Written by Beth Corcoran, Contributing Writer
I will be honest with you. When I found out that I needed to write about frugality for my blog post this month, my heart sunk. You see, frugality is something that I have definitely not mastered, and I feel I have so little to offer in this area. But, at Stephanie’s encouragement, I am sharing my heart with you today.
The more I have grown as a Christian, the more I have seen the importance of the wise handling of the resources given to us. So, I have sought to learn from wise, older women from my church. I have learned much, and I’d like to share a few things that I have learned.
I know many of you may be reading this and feeling much as I do. I would like to encourage you to keep learning how to be frugal and wise.
But I also know that some of you readers may have already learned the art of frugality. If that is the case, I encourage you to take others under your wing and teach them how to honor the Lord with their resources.
What is Frugality?
According to Noah Webster’s 1828 dictionary, frugality is defined as:
1. Prudent economy; good husbandry or housewifery; a sparing use or appropriation of money or commodities; a judicious use of any thing to be expended or employed; that careful management of money or goods which expends nothing unnecessarily, and applies what is used to a profitable purpose; that use in which nothing is wasted. It is not equivalent to parsimony, the latter being an excess of frugality, and a fault. Frugality is always a virtue. Nor is it synonymous with thrift, in its proper sense; for thrift is the effect of frugality.
Without frugality none can become rich, and with it few would be poor.
2. A prudent and sparing use or appropriation of any thing; as frugality.
Frugality of Time
You will notice that as I have written, I have mentioned that frugality is the wise use of resources. In general, I have always thought of frugality as a term relating to money. However, there are many other resources with which we are called to use with great discretion. As we see in the Psalms, time is one of these.
So teach us to number our days that we may get a heart of wisdom. Psalm 90:12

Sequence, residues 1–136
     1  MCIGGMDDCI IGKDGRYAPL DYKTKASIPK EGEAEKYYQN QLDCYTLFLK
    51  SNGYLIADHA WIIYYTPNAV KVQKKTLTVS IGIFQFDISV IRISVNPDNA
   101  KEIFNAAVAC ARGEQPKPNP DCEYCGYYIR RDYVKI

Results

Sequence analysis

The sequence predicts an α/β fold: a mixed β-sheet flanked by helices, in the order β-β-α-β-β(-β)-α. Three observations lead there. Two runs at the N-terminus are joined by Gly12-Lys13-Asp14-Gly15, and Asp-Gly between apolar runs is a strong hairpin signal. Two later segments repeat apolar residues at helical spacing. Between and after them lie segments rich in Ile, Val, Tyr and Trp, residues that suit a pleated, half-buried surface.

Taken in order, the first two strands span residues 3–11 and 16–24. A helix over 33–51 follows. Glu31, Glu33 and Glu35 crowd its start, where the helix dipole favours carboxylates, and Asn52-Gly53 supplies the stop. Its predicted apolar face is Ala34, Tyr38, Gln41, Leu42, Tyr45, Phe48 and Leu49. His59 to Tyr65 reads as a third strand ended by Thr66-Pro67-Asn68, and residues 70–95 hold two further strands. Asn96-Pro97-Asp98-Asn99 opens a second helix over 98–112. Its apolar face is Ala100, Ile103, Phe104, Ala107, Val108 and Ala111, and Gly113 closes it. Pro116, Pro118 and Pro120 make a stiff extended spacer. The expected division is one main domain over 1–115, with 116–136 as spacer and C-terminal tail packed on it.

Frugality of time is a huge area that God is working on in my heart right now. For example, I look at each of my children, and it brings tears to my eyes to think how fleeting time is. I think about how fast they have grown, and how much I still have to teach them in the short years they are with me. I think about all I desire for them to learn about their Maker.
But God continually reminds me that squandering my time will not accomplish His work in my children. Wise use of time is so important. That’s not to say that we never do fun things (or read blogs!). However, making intentional choices to focus on what is truly important—the eternal things—is being truly frugal with our time.
Photo credit: Timothy Valentine
A Look at the Checkbook
When I was in college, a very godly older women mentored many of the college girls. I will never forget one thing she taught us. She told us that you could tell everything you needed to know about a person and their priorities by just looking at their checkbook register. Where and how a person spends their money is the true test of what they value. Luke 12:34 says:
For where your treasure is, there will your heart be also.
Nowadays, it would probably be better to say that you would look at the online banking statement rather than a checkbook register. However, the message is still the same. What does your spending say about what you truly value?
Frugality is a Heart Issue
Frugality has its practical benefits, for sure. When we spend wisely, we have more money to use on important things and it really frees up our giving abilities. Frugality with time allows us to accomplish more each day.
However, the one thing that my wise mentors have shown me more than anything else is that frugality is not just about the practical, surface benefits. It’s not about being frugal so you look good! (We’ve all met someone who is revered for their amazing penny pinching skills, haven’t we?!) Frugality is all about the heart.
When we surrender our time, money, and resources to be used with wisdom rather than how we would wish we could use them, we are recognizing that God is wiser than us. We are approaching God with open hands, gladly offering Him everything to be done His way, rather than ours. And we are acknowledging our trust in the Lord that He has something far greater for us, rather than trusting in our riches.
In this way, frugality can truly be an act of worship.